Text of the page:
Sanctified Ordinary

May the words of my mouth and the meditations of all our hearts be acceptable to you, our Rock and our Redeemer. Amen.

So what do I mean by the sermon title “Sanctified Ordinary?” I mean, with that simple juxtaposition of terms, that God makes all ordinary things holy. That is the crux of the message Jesus is giving us in today’s passage.

Douglas Hare, commentator for the Feasting on the Word series, points out that to the Pharisees, food should be eaten with sanctified hands, not ordinary hands. Verse 2 reads the Pharisees “noticed that some of his disciples were eating with defiled hands, that is, without washing them.” However, the Greek word used for “defiled,” or in other translations “unclean,” is koinos, which actually means “common,” as in, “ordinary.”[1]

What the Pharisees really were complaining about was the fact that the disciples’ hands had not been ritually cleansed, rendering them sanctified. From the perspective of the Pharisees, living in accordance with the command from Exodus 19:6 “You shall be for me a priestly kingdom and a holy nation” meant that all Israelites should act and be as holy as priests, and ritually wash their hands before eating.

On the surface, of course it sounds like Jesus is challenging the Pharisees and their basic premise underlying the whole of priestly laws; that of ritual purity, but there is more to the passage.

Phyllis Tickle, engaging this text, says Jesus is actually asserting a “new definition of the human being.” She says Jesus is asserting that in addition to being a part of the created order, “we are, in effect, a portal between the Creator and the creation, between that which is outside of space-time and that which is caught within it.”[2] In wrestling what she meant by that, what I came up with was we actually take part in creating; our environment; our culture, ourselves to a certain extent, our earthly “kingdom.”

No wonder Jesus is saying what comes out of us is what potentially defiles all around us. In God’s sight, what really counts is what we do and how we act toward others, not what we eat.

We can further back that up with examining the number of times Jesus mentions the state of our hearts in this passage. Listen to Commentator Dawn Ottoni Wilhem’s thoughts on this:

“Jesus uses the word “heart” three times in 7:1-23, and with each reference we sense the importance of the human heart for religious faith and practice. Since the heart was thought to be the center of one’s will and decision-making abilities, to turn one’s heart away from God (7:6b) or to have it filled with evil intentions (7:21) was a grievous sin. [Other] passages [in Mark] such as 3:5; 6:52; and 8:17 also remind us that hardness of heart is among the most damning of spiritual conditions, revealing a lack of compassion toward others. In these and other verses, Christ urges us to examine our own defiled hearts rather than our neighbors’ dirty hands.”[3]

That being said, let us not forget the good news in this passage: Jesus proclaims all food is clean. With that we are reminded, in effect, that, he also cleanses us from our own list of shortcomings, whatever they may be. Jesus lists several; but the point is whenever we raise awareness of the hidden intentions of our hearts, there is a direct relationship in growth of our capacity to love, and a cleansing of our own beings, sanctifying us for service in God’s kingdom.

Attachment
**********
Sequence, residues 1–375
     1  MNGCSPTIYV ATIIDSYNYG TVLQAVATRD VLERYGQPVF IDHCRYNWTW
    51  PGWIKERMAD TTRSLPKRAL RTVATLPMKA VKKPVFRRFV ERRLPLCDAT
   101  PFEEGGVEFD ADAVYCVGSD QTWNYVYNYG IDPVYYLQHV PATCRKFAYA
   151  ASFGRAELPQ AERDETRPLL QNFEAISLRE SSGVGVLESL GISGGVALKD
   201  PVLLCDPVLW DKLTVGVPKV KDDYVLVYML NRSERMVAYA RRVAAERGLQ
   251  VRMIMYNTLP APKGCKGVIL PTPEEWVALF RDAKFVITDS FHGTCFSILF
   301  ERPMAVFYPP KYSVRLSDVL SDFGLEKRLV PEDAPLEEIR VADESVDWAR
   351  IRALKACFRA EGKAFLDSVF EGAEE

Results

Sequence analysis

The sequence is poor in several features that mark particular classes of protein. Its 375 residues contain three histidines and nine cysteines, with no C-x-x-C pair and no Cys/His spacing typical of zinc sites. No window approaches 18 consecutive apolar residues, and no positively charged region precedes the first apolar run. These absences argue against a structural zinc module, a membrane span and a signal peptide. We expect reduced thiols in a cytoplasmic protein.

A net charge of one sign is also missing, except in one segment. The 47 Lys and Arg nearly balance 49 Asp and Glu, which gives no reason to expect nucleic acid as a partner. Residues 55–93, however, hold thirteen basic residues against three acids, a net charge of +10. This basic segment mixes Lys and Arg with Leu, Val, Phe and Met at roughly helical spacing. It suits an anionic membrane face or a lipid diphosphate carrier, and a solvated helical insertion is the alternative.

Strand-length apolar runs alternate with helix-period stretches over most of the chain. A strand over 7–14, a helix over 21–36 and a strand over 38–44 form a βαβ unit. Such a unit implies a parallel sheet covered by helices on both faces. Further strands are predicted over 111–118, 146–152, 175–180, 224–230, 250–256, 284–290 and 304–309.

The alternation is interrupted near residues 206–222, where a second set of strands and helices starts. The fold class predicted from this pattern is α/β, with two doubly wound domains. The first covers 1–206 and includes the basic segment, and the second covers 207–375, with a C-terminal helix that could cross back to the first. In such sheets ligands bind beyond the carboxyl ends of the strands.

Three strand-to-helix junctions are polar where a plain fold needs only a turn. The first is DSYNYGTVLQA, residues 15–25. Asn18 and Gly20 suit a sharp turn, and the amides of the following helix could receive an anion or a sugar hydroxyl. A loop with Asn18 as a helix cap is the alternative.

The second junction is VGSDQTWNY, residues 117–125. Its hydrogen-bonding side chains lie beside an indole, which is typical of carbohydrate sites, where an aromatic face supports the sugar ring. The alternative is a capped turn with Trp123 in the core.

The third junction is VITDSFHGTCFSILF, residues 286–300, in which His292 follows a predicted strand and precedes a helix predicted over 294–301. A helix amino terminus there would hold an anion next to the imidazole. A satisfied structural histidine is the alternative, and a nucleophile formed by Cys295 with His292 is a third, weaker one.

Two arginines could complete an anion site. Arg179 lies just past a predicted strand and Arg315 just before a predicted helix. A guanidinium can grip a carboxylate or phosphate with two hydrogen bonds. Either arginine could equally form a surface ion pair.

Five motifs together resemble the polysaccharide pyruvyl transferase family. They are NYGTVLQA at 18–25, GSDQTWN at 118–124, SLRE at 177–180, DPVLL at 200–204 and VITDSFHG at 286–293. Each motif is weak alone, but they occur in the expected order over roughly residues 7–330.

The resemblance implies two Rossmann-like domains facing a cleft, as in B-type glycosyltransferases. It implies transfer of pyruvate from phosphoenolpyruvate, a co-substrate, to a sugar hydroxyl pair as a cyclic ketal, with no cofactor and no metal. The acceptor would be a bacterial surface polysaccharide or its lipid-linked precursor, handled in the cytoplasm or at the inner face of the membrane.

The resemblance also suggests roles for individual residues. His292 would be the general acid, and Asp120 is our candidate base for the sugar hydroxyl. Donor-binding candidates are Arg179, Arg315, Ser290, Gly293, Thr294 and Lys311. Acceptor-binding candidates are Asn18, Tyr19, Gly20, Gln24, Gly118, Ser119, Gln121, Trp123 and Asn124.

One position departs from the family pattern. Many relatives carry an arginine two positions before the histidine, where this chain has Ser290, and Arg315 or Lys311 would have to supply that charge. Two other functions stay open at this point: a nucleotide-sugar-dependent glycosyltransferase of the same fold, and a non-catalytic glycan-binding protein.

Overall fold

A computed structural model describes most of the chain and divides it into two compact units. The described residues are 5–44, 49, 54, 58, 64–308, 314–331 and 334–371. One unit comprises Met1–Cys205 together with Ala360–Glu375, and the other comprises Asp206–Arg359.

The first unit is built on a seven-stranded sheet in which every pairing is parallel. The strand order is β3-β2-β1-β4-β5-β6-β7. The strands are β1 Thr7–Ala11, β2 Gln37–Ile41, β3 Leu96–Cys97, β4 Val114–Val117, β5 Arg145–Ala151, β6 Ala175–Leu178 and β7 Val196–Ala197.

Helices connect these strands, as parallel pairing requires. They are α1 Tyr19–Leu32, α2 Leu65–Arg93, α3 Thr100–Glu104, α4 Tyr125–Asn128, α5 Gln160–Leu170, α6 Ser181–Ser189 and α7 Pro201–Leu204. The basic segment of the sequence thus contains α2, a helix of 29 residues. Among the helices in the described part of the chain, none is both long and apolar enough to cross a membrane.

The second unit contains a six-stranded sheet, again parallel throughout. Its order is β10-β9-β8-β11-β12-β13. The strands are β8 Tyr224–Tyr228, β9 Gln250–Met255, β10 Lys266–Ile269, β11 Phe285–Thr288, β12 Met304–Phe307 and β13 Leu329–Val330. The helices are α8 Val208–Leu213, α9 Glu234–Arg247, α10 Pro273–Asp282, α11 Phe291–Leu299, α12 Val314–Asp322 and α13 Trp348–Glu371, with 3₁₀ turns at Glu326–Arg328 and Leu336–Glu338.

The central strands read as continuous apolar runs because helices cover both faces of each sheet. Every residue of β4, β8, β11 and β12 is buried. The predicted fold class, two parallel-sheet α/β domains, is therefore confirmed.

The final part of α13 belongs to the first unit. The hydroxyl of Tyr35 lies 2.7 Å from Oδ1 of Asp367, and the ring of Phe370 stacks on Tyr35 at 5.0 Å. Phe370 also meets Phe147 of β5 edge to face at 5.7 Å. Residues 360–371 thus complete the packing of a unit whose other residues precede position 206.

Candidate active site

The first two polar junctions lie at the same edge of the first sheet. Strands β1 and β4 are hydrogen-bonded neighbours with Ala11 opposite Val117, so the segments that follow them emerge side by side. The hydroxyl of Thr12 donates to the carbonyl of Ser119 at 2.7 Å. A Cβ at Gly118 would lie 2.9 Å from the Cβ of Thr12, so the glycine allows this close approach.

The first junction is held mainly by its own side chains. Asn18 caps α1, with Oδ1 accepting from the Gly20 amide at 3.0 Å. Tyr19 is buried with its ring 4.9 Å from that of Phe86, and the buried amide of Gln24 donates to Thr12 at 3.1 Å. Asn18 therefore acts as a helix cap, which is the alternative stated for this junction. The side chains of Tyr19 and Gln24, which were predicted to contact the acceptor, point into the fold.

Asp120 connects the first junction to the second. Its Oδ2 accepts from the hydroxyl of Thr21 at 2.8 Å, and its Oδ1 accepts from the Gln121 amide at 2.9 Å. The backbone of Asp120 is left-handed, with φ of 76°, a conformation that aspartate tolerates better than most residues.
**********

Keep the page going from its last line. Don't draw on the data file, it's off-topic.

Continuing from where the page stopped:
Commentator Amy Howe writes,

“Our challenge today is to recognize how we, like the Pharisees, misinterpret what is important to God. Do we look at the dirty fingernails of our homeless brothers and sisters and think to ourselves, “They do not belong in our sanctuary”? Do we hear a crying baby during the worship service and think to ourselves, or even whisper to our neighbor, “Children should not be allowed in worship”? Do we watch a gay couple join the church and think, “They are not welcome here”? We seem to put our energy into keeping people out of our sanctuaries, rather than into examining the sins that stain our own lives.”[4]

The flip side of that, of course, is trying to act on becoming more spiritual. Dawn again reminds us,

“There is renewed interest among many Christians in “practices,” “values,” and “spiritual disciplines” that encourage faithful living. What kinds of ritual activities or practices may help us develop a meaningful relationship with God and our neighbors? How do practices of Sabbath keeping, charitable giving, public worship, private prayer, service work, hospitality, and forgiveness deepen our sense of God’s presence and power among us?”[5]

For our part, when we address those questions, both in our individual lives and in our corporate life together, then we will be well on the road to “sanctified ordinary.” Amen? May it be so.

[1] Hare, Douglas. Feasting on the Word: Preaching the Revised Common Lectionary – Feasting on the Word – Year B, Volume 4: Season After Pentecost 2 (Propers 17-Reign of Christ).

[2] Tickle, Phyllis. The Words of Jesus; A Gospel of the Sayings of Our Lord. Jossey-Bass, A Wiley Imprint, 2008.

[3] Wilhem, Dawn Ottoni. Feasting on the Word: Preaching the Revised Common Lectionary – Feasting on the Word – Year B, Volume 4: Season After Pentecost 2 (Propers 17-Reign of Christ).

[4] Howe, Amy C. Feasting on the Word: Preaching the Revised Common Lectionary – Feasting on the Word – Year B, Volume 4: Season After Pentecost 2 (Propers 17-Reign of Christ).

[5] Wilhem, Dawn Ottoni. Feasting on the Word: Preaching the Revised Common Lectionary – Feasting on the Word – Year B, Volume 4: Season After Pentecost 2 (Propers 17-Reign of Christ).

About Scottrick

Parent ~ Pastor ~ Poet ~ Author
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